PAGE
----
Buyer Beware: Bargaining and Shopping in China
2010-06-13China travel Guide
Whenever we go traveling overseas, we always want to take a little piece of that country home, something that goes beyond the two-dimensions of a photograph. You may just be looking something to give your close friend of relative, or perhaps something a bit more extravagant for ourselves. Irrespective of your goal or expectation, it pays to take care especially in Asia when bargain-hunting.
Grabbing something of the cheap is a great feeling; coming from a western country, it's always great to know that when you're in China, nothing is set in stone and the price of many items can ebb and flow like a length of Chinese silk. However, before throw our hand up and rejoice that the bargains are ours for the taking, we need to accept a fundamental reality: shopkeepers by and large are a lot smarter than us. Typically when shopping in a commercial marketplace in a major city, expect prices to be inflated by 1-200%, if you can knock 50-75% off the starting price, then you've already done very well.
The well known secrets to bargaining well, especially when language is a barrier, is effective body-language; initially alerting the shopkeeper to your interest in item, perhaps asking how much it costs, and then upon here the price withdraw and act aloof. It most likely that upon your withdrawal that the shopkeeper will ask what you consider a fair price to be, the ball is now in your court, pick a price and then stick to it, don't let your heart rule your head, the more weakness and flexibility you show, the more likely you're not going to get the price you want. Crucially don't get too emotional, just remind yourself than there are 20 other stores that will sell the same thing. Furthermore, never display your money until you've decided on a price. If many markets shopkeepers will try and give you change in the form of postcards or other low-value items, make sure you get the right amount of change; you may not even realize you've been had until you're well out of the store.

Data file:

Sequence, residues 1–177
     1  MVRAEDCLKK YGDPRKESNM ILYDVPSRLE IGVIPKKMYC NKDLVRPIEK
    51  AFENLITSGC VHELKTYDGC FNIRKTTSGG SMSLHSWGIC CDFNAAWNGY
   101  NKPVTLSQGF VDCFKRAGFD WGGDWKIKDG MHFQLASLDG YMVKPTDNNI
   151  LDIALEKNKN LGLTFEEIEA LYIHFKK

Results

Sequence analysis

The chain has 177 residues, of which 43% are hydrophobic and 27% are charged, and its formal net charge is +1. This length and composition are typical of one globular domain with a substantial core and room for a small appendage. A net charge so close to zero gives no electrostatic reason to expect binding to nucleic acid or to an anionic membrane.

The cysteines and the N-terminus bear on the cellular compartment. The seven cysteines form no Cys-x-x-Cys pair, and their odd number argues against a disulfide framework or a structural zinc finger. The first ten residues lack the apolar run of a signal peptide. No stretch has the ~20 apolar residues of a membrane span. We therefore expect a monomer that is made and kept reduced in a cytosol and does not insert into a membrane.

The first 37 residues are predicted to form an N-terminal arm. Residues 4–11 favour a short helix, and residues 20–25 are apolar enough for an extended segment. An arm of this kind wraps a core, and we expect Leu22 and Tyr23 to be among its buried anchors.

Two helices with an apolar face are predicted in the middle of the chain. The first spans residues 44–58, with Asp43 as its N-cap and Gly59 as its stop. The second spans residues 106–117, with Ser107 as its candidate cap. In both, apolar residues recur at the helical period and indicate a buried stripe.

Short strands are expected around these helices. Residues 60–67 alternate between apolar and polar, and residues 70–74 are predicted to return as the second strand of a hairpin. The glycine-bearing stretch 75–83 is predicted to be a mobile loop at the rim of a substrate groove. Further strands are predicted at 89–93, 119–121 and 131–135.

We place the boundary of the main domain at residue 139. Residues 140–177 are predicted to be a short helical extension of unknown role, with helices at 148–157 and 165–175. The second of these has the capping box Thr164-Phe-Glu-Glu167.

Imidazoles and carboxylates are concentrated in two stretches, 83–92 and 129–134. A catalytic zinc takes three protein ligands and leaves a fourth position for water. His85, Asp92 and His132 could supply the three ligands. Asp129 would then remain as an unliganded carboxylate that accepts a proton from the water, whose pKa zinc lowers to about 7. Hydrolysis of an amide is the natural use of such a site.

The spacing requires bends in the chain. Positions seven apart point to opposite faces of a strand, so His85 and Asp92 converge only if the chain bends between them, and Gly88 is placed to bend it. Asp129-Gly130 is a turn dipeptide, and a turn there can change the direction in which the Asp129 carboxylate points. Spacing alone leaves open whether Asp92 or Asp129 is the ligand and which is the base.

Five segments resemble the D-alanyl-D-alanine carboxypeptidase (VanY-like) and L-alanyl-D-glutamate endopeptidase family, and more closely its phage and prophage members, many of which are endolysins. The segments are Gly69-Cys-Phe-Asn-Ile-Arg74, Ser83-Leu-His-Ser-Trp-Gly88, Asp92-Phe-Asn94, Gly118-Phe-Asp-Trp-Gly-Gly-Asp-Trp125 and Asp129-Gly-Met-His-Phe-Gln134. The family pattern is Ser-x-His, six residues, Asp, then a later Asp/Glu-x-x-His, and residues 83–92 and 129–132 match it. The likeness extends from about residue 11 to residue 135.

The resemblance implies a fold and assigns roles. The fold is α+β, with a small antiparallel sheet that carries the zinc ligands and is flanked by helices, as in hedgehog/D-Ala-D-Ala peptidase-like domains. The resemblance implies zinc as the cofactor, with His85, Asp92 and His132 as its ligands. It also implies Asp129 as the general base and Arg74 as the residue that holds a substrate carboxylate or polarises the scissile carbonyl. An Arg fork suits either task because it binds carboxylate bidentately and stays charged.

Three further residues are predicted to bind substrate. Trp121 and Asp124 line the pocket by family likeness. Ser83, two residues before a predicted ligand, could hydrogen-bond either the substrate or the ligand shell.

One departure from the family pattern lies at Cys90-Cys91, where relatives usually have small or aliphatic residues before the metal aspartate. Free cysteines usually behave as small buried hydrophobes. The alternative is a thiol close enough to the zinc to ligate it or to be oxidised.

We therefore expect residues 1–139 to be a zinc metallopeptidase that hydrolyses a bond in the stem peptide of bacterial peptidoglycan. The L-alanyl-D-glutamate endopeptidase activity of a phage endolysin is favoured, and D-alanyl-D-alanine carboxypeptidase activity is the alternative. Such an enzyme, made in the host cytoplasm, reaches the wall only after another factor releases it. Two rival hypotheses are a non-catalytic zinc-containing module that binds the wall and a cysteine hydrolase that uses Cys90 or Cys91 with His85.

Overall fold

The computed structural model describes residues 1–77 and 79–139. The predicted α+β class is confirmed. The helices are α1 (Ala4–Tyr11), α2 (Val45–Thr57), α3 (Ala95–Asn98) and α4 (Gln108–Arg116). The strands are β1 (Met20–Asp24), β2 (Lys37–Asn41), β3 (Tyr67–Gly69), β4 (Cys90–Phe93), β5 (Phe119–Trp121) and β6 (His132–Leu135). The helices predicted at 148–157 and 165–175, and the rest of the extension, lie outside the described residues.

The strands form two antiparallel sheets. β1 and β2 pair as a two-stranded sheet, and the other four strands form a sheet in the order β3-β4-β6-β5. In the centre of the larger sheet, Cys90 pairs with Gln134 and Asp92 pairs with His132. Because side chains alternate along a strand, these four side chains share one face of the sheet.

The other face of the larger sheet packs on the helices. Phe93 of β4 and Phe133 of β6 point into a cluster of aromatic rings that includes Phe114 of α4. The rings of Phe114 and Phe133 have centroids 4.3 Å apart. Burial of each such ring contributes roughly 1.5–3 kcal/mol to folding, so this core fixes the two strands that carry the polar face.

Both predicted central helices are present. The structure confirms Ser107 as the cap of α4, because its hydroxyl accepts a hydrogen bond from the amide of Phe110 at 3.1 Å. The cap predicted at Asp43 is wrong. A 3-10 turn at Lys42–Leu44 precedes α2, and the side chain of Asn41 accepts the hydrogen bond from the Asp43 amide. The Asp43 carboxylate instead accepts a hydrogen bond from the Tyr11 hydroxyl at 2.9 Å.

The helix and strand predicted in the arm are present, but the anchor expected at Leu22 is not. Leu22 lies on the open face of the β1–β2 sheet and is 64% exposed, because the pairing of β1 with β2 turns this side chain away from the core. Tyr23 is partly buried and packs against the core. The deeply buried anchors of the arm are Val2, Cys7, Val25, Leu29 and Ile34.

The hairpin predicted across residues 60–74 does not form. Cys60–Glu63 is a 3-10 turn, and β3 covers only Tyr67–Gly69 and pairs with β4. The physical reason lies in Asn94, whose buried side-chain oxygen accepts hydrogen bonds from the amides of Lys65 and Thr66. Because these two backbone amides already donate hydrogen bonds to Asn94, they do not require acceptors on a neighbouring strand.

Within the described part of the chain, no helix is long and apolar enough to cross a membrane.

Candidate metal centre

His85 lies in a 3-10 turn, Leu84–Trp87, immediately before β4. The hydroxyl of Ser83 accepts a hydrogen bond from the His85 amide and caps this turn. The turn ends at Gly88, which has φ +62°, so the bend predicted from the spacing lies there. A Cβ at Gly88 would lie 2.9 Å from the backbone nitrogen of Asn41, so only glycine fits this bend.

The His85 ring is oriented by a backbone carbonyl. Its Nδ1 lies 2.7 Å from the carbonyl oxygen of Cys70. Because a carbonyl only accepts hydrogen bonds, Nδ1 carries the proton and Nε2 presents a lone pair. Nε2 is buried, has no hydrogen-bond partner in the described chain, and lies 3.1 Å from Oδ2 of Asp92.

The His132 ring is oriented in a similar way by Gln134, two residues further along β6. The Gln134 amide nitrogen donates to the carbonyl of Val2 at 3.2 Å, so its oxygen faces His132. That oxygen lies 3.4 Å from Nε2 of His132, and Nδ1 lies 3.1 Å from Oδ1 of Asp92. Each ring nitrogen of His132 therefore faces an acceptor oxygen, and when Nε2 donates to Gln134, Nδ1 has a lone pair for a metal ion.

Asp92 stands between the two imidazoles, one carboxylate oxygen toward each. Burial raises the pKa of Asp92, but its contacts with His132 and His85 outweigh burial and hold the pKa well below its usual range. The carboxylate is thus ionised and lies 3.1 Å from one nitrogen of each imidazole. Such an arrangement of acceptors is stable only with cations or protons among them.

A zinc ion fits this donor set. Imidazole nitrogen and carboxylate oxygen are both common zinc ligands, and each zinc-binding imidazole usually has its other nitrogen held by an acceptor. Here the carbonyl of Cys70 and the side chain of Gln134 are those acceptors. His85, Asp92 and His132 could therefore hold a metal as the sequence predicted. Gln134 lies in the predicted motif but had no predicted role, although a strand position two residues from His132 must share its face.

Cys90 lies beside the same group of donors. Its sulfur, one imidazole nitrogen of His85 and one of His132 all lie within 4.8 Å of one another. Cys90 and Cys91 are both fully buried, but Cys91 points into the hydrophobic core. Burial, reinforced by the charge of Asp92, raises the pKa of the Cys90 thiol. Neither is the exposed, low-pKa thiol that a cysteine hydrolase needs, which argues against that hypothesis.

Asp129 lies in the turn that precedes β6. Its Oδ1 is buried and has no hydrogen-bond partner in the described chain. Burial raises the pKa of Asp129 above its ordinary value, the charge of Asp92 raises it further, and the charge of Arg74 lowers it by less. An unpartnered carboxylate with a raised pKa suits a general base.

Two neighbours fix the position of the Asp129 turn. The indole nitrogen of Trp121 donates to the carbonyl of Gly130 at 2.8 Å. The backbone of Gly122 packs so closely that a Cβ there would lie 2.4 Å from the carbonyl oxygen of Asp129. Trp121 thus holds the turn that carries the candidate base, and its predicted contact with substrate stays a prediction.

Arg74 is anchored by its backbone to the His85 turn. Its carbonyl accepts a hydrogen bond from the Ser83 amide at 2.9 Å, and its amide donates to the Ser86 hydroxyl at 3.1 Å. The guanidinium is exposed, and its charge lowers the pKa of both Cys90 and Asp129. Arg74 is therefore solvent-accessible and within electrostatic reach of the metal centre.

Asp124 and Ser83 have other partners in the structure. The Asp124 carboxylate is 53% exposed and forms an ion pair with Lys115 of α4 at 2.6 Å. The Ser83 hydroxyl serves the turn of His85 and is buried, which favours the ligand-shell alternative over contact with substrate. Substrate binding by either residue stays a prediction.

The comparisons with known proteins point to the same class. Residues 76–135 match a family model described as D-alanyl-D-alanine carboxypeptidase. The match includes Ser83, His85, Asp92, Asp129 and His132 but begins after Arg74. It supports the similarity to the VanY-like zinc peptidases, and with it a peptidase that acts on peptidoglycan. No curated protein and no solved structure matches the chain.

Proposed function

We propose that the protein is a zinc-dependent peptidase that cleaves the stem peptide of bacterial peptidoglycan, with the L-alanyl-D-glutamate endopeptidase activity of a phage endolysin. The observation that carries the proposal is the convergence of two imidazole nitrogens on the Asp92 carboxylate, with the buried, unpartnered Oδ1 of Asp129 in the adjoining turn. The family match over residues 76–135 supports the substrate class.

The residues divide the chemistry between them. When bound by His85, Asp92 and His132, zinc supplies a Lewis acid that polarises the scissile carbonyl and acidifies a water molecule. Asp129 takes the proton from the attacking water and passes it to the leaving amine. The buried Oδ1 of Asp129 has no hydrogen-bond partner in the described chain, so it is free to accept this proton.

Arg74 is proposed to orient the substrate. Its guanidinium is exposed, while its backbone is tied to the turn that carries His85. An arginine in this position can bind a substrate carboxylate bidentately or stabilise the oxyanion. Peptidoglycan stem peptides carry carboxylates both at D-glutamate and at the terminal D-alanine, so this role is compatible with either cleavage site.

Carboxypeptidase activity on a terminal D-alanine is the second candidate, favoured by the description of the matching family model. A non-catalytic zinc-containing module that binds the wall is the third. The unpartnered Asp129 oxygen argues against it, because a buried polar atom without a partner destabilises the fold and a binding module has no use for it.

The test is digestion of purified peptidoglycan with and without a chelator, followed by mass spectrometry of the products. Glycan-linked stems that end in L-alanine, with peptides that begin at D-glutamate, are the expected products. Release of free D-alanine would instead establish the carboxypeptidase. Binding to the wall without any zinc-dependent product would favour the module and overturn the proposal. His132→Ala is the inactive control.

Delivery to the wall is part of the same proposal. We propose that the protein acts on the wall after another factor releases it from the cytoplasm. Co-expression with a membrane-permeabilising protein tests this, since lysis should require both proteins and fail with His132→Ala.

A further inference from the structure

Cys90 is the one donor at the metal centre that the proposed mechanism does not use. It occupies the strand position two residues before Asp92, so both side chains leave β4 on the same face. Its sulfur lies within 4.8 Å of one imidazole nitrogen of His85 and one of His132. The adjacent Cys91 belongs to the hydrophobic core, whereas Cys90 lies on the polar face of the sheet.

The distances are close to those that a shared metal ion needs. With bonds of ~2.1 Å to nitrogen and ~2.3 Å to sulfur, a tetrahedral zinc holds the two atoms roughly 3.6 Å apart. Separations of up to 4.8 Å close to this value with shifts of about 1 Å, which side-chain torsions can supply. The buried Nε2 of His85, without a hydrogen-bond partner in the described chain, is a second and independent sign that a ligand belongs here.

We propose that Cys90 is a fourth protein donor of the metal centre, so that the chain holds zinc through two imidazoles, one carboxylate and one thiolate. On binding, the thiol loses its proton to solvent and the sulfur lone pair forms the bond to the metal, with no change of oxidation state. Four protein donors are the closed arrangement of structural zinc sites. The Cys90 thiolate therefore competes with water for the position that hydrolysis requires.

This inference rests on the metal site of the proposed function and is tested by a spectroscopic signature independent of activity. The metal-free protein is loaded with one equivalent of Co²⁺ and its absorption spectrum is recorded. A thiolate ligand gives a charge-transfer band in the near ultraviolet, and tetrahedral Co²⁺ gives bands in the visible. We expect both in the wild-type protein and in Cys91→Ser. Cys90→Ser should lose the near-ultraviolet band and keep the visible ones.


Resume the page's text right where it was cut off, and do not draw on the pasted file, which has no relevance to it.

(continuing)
A quick word on the specialty items of electronics and pharmaceuticals. In China over 70% of electronics accessories outside the franchised store are fake; this includes MP3/4, headphones, batteries, speakers, USB keys and often mobile phones. So when purchasing these items, be aware that their lifespan and quality are significantly lower than their more expensive counterparts. A recent report published by the Chinese government has warned about dangerously high exposure to hazardous radiation through usage of counterfeit mobile phones. The same situation applies to medicines and pharmaceuticals which are a lot cheaper and more readily available, while a majority will work and work well. There is a large market in China for the propagation of unreliable pharmaceuticals.
--- By Brett Hartley-Wilson (VisitOurChina)
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